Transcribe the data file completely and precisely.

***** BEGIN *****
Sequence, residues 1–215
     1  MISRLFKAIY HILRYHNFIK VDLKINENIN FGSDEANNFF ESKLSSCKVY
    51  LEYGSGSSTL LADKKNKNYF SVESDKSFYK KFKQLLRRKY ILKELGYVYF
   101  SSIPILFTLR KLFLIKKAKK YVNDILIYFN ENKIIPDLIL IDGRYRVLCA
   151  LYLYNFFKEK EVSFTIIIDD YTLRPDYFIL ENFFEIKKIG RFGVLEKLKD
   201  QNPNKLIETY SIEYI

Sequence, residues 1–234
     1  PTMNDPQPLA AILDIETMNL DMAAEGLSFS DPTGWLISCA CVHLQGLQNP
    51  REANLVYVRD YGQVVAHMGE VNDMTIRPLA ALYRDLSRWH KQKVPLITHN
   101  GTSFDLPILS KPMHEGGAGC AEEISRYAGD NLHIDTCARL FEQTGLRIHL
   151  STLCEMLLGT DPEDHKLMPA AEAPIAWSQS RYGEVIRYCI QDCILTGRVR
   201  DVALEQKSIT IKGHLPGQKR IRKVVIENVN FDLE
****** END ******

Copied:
Sequence, residues 1–215
     1  MISRLFKAIY HILRYHNFIK VDLKINENIN FGSDEANNFF ESKLSSCKVY
    51  LEYGSGSSTL LADKKNKNYF SVESDKSFYK KFKQLLRRKY ILKELGYVYF
   101  SSIPILFTLR KLFLIKKAKK YVNDILIYFN ENKIIPDLIL IDGRYRVLCA
   151  LYLYNFFKEK EVSFTIIIDD YTLRPDYFIL ENFFEIKKIG RFGVLEKLKD
   201  QNPNKLIETY SIEYI

Sequence, residues 1–234
     1  PTMNDPQPLA AILDIETMNL DMAAEGLSFS DPTGWLISCA CVHLQGLQNP
    51  REANLVYVRD YGQVVAHMGE VNDMTIRPLA ALYRDLSRWH KQKVPLITHN
   101  GTSFDLPILS KPMHEGGAGC AEEISRYAGD NLHIDTCARL FEQTGLRIHL
   151  STLCEMLLGT DPEDHKLMPA AEAPIAWSQS RYGEVIRYCI QDCILTGRVR
   201  DVALEQKSIT IKGHLPGQKR IRKVVIENVN FDLE